Refusal of application for a European Union trade mark

(Article 7 EUTMR and Rule 11(3) EUTMIR)

Alicante, 28/04/2016


Postfach 20 16 53

D-42216 Wuppertal


Application No:


Your reference:


Trade mark:


Mark type:

Word mark


ITW Dynatec GmbH

Industriestrasse 28

D-40822 Mettmann


The Office raised an objection on 05/05/2015 and subsequently on 11/11/2015 pursuant to Article 7(1)(b) and (c) EUTMR and Article 7(2) EUTMR because it found that the trade mark applied for is descriptive and devoid of any distinctive character, for the reasons set out in the attached letter.

The applicant submitted its observations on 11/03/2016, which may be summarised as follows:

  1. The list of goods has been amended

  2. The mark is not descriptive and is distinctive

  3. The evidence provided by the Office is not official

  4. The goods relate to adhesives not to painting

  5. The list of goods can be further amended

  6. Similar marks have been registered by the Office in the past

  7. Declaration by Mr Pahl

Pursuant to Article 75 EUTMR, it is up to the Office to take a decision based on reasons or evidence on which the applicant has had an opportunity to present its comments.

After giving due consideration to the applicant’s arguments, the Office has decided to maintain the objection.

The list of goods has been amended

The applicant has submitted a limitation for the goods applied for. The Office has limited the goods as requested and will proceed the examination on the basis of this amended list:

Class 7 Equipment for applying liquid adhesives; apparatus for dispensing multi-component materials; spray guns, nozzles, applicators and apparatus for applying adhesive onto substrates; apparatus for moving adhesive application apparatus; hoppers, spray booth and equipment for liquid adhesive collection; apparatus for continuously coating substrates with adhseive; apparatus for supplying adhesive material; cold and hot melt glue machines and equipments; gluing machines and equipments, thermal contact gluing machines, installations for dispensing adhesives, installations for melting adhesives; adhesive feeder machines; adhesive drum unloaders; supply hoses; adhesive applicators; glue guns (electric), adhesive glue gun applicators.

Class 9 Electrical components and electric apparatus for machines for melting, mixing, metering and/or applying liquid adhesives.

Taking into account the amended list goods the Office still believes that the mark is descriptive and non-distinctive. In essence the limitation done has retained adhesives, whilst deleting other material such as sealants and caulks. Thus the apparatus and equipment in class 7 no longer covers these materials but solely adhesives. The same reasoning also applies for class 9.

The fact that the material being applied by equipment is adhesives, does not change the findings of the Office. This method of applying adhesives can also be done by the crosscoat method, covering layers by moving and intersecting. Therefore the limitation provided does not overcome the objection previously raised by the Office.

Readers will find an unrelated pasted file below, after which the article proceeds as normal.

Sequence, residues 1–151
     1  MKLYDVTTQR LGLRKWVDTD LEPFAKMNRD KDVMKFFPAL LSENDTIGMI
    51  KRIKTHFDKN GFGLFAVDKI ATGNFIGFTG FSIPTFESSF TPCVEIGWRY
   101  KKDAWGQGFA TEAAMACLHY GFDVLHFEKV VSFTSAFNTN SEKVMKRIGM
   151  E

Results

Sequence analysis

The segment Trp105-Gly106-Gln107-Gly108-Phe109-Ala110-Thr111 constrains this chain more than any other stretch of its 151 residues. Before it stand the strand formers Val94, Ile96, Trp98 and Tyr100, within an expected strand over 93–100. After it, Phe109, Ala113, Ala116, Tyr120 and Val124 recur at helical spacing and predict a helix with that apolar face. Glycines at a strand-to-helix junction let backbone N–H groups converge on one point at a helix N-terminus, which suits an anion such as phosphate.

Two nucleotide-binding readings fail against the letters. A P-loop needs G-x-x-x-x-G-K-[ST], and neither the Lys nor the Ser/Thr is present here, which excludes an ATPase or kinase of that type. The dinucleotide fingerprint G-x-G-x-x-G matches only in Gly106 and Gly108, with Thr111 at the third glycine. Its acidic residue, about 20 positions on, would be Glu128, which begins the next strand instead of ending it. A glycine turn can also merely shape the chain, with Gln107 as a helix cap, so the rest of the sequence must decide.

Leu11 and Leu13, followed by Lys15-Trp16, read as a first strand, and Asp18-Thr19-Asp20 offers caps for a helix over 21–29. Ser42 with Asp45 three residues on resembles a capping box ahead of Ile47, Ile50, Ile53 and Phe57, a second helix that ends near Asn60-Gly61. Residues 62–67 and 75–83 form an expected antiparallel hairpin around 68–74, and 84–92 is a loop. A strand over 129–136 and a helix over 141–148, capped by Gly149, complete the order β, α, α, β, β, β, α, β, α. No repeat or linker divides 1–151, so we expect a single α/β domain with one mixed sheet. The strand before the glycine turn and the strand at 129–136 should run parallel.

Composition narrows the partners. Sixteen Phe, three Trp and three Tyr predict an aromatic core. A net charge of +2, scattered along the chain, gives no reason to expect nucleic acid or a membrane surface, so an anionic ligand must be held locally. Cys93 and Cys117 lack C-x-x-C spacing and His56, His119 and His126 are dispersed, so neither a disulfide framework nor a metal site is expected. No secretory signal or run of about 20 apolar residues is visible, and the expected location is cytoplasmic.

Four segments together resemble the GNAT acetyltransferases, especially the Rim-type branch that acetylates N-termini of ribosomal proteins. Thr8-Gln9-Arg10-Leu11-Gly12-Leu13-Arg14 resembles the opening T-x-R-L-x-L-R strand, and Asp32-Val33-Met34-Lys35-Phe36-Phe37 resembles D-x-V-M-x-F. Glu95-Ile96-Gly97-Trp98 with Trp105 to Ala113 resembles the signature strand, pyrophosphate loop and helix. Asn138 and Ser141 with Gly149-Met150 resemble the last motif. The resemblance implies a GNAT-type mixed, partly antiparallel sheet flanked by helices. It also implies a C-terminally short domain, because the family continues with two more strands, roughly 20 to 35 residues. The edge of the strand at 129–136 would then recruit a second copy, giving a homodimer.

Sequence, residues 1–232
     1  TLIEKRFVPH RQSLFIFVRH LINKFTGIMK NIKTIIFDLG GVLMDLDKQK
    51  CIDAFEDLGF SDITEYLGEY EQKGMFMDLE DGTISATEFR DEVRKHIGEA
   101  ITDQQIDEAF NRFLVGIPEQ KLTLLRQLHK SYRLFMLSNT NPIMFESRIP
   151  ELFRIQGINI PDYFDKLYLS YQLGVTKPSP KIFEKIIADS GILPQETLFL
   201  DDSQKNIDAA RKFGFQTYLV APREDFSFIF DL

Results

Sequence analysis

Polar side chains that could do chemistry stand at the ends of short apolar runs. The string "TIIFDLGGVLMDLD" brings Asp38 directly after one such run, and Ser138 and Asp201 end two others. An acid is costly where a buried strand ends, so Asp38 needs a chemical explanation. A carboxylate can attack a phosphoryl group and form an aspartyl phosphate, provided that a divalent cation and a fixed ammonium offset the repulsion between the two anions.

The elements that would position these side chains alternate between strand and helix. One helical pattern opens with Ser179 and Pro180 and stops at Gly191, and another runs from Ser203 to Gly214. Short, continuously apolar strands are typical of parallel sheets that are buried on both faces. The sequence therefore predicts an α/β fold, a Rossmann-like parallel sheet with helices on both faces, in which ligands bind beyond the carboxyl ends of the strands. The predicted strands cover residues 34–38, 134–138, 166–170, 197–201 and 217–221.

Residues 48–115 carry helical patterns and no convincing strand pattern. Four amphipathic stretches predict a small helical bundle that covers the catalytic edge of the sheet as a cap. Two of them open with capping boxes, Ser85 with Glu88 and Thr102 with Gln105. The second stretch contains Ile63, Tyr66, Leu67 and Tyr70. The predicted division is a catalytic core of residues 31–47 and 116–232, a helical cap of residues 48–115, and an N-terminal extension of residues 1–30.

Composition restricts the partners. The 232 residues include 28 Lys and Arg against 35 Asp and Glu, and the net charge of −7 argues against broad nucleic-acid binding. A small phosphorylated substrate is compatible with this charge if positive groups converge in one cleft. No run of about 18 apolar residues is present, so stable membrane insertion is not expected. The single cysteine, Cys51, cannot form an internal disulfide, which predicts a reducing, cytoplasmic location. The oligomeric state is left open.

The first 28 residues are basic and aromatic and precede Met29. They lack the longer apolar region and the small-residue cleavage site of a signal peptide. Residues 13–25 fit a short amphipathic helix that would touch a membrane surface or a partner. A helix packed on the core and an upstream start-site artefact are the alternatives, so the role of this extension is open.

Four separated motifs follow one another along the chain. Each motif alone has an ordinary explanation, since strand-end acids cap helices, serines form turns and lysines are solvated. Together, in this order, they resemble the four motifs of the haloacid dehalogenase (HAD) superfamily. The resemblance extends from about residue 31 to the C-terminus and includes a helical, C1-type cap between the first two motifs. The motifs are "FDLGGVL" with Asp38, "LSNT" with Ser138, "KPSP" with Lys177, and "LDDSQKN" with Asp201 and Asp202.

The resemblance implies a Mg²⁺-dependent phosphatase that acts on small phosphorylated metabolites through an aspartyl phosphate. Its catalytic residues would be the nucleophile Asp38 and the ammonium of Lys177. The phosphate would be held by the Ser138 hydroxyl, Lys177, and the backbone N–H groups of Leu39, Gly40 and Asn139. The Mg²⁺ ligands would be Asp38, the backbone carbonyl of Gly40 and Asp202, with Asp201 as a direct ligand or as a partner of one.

The mark is not descriptive and is distinctive

Under Article 7(1)(c) EUTMR, ‘trade marks which consist exclusively of signs or indications which may serve, in trade, to designate the kind, quality, quantity, intended purpose, value, geographical origin or the time of production of the goods or of rendering of the service, or other characteristics of the goods or service’ are not to be registered.

It is settled case-law that each of the grounds for refusal to register listed in Article 7(1) EUTMR is independent and requires separate examination. Moreover, it is appropriate to interpret those grounds for refusal in the light of the general interest underlying each of them. The general interest to be taken into consideration must reflect different considerations according to the ground for refusal in question (judgment of 16/09/2004, C‑329/02 P, ‘SAT.1’, paragraph 25).

By prohibiting the registration as European Union trade marks of the signs and indications to which it refers, Article 7(1)(c) EUTMR

pursues an aim which is in the public interest, namely that descriptive signs or indications relating to the characteristics of goods or services in respect of which registration is sought may be freely used by all. That provision accordingly prevents such signs and indications from being reserved to one undertaking alone because they have been registered as trade marks.

(See judgment of 23/10/2003, C‑191/01 P, ‘Wrigley’, paragraph 31.)

The signs and indications referred to in Article 7(1)(c) [EUTMR] are those which may serve in normal usage from the point of view of the target public to designate, either directly or by reference to one of their essential characteristics, the goods or service in respect of which registration is sought’ (judgment of 26/11/2003, T‑222/02, ‘ROBOTUNITS’, paragraph 34).

The Office holds that the mark in question lacks distinctiveness and is descriptive. It simply state the method how the equipment works to apply adhesives in the case of class 7.

There is nothing contained in the word mark which can be considered distinctive. The word mark simply informs users that the machines and equipment apply the cross coat method to treat and produce the goods in production. Consumers, even the professional consumers will not view the mark as a trade mark but rather as a description of how the equipment works.

Trade marks should act as business identifiers. In the case at hand this is not possible because there is nothing distinctive in the mark.

The evidence provided by the Office is not official

The applicant holds that the reference to website done by the Office refers to a private website (www.anestiwata.com). Furthermore it holds that the website is not official.

The website provided is a website belonging to a private company, which however can be accessed by anyone connected to the Internet. The Office provided this website reference to demonstrate that this word is being used in a descriptive way by third parties which are not related to the applicant.

The applicant further comments that the word is not found in the dictionary. This is partly true, the word per se is not found in dictionaries.